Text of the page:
With proper context, exposure to Pagan deities can make a person a better Jew. As for these gods, their religion, Hellenismos, defines them as sacred personalities. In a world where they are often represented as archetypes or emanations from a complex of deities, perhaps the company of anyone — however much they might be a blasphemer or a heretic by their standards — who won’t try to change them is a welcome addition to their divine retinue.


Aliyah Bat Stam is a kabalist, Jewish educator, ceremonial magician and Torah Observant Jewitch. She exists primarily for the purpose of irritating people who like to put things into boxes (literal or physical), and secondarily for the purpose of making people of all ages think. In her spare time, she likes to study Greek and Hebrew mythology, and jump up and down shouting at the guy on the O.U. Daf Yomi recordings. For more of Aliyah’s writing, check out her blog, Jewcraft.

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  • http://www.forgingthesampo.com/ Kauko

    I have to admit that the main reason why I left Judaism- even though I loved it, and I still hold affection for it- was that I wanted to worship these other deities. I felt stifled in the restrictions to not do so in Judaism; my heart wanted to honor other gods and local spirits, give offerings to my ancestors (on a side note: I also got tired of the politics within Judaism over who is a Jew. As someone who was deeply observant, but not Jewish by Orthodox standards, I was so weary of having to navigate through all of that.). 

    • Aliyah Bat Stam

      Man, that stinks. 

      That is the sort of stuff that happens when people treat Rabbis like Priests. They’re not. It’s just a guy with an opinion.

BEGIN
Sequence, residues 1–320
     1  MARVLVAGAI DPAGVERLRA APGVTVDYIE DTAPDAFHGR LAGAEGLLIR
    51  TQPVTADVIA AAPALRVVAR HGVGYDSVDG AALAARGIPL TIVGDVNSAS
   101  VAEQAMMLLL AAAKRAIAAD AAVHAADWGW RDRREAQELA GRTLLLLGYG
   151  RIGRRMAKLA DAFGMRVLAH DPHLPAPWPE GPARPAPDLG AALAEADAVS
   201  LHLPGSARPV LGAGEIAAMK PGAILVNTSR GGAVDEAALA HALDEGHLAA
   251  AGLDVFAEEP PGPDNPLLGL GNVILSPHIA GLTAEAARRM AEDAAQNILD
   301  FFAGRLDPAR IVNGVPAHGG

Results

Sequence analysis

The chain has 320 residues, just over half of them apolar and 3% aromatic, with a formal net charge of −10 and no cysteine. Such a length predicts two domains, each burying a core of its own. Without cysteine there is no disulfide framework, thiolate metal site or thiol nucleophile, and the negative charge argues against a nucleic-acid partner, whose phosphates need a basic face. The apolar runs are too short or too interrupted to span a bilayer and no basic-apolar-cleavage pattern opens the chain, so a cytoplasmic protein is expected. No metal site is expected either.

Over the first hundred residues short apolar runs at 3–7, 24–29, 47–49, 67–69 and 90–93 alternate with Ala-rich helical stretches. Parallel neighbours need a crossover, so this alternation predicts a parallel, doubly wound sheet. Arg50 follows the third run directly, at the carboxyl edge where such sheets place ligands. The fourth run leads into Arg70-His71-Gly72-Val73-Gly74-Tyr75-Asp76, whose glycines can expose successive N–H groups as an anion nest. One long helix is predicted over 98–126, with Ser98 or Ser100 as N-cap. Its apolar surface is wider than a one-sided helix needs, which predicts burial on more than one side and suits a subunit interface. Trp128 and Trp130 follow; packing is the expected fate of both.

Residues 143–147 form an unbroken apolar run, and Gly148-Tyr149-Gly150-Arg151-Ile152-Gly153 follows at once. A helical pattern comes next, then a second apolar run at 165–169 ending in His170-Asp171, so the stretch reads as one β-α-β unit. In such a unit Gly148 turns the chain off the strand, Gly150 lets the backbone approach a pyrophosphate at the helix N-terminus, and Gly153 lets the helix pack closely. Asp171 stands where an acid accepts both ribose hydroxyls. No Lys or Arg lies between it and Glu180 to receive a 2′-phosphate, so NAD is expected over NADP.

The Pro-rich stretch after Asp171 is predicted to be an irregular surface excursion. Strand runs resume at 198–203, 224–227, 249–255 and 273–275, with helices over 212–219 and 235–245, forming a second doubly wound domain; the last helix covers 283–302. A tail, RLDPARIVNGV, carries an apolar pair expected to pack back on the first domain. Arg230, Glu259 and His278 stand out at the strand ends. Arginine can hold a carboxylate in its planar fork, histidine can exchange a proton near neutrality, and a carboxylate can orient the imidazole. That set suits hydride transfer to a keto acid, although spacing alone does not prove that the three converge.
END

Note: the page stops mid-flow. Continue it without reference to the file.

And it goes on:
We know it’s a really big problem. Orthodox converts sometimes have to convert twice, in direct contradiction to the laws of the Torah. Usually, the just solve it with a Gerus l’Chumra, or a token immersion to satisfy the whiners. 

      And yeah, if you are tired of politics, Judaism is a terrible place for you. Everyone argues about everything all the time. Personally, I find the arguing to be interesting, and it doesn’t upset me. One time, though, I just about body-slammed a kosher certifying guy because of kashrut politics. THIS IS WHY WE CAN’T HAVE NICE THINGS! 

      Everything has it’s problems, I guess. 

      But you know what? If they ruled that you aren’t Jewish, and you are happy with what you are doing? Take it as a blessing. 

  • Barbaryan

     Hi Aliyah, I was wondering why Kabbalah lessons are so actively promoted to non Jews in the western world lately with posters in subways and paper ads? Your faith is rather closed to the non Jewish world.  Do your priests pass you the notion that we had crossed the big  line lately? Our Gods tell us that skies do not belong to Jehovah any more, so human energy and will of non Jewish Kabbalah  followers must be collected to substitute for it.

    • Aliyah Bat Stam

      Hi Barbaryan,

      I’m confused about what you are suggesting. What I hear you saying is the following:

      1) At one point in the past, the majority of people worshipped the Hebrew Deity.
      2) People are no longer doing so in such great numbers anymore


      3) The Jews are trying to collect magic from Non-Jews to prop up their religion’s failing current.

      I also hear an assumption that the Hebrew deity and the Christian deity are the same deity? Is that a correct understanding of what you are saying? I guess I’m inferring that. 

      There are a few assumptions that I am sure that I detect, namely:

      A. The Hebrew Deity is of or pertains to, the Sky. 

      B. There are Jewish priests that are somehow in charge of an organized Jewish religion.

      Let me clear those up. 

      A. The Hebrew God is a God of Nature. That is why Jews celebrate the cycles of the harvest and the moon. 

      B. We have people who study the Talmud. They have lots of opinions. They are slightly more in charge than the people who know less about the law. If you don’t like the opinion of one person, you can go to another guy who also studied the law, and learn with them. These people can be male or female. A Rabbi is only really “Prima Inter Pares,” the first among equals as it were. No part of the religion requires them. You can get married without them. 

      • Aliyah Bat Stam

        And in answer to your question — because bad people want to make money off of things that don’t belong to them.

      • Barbaryan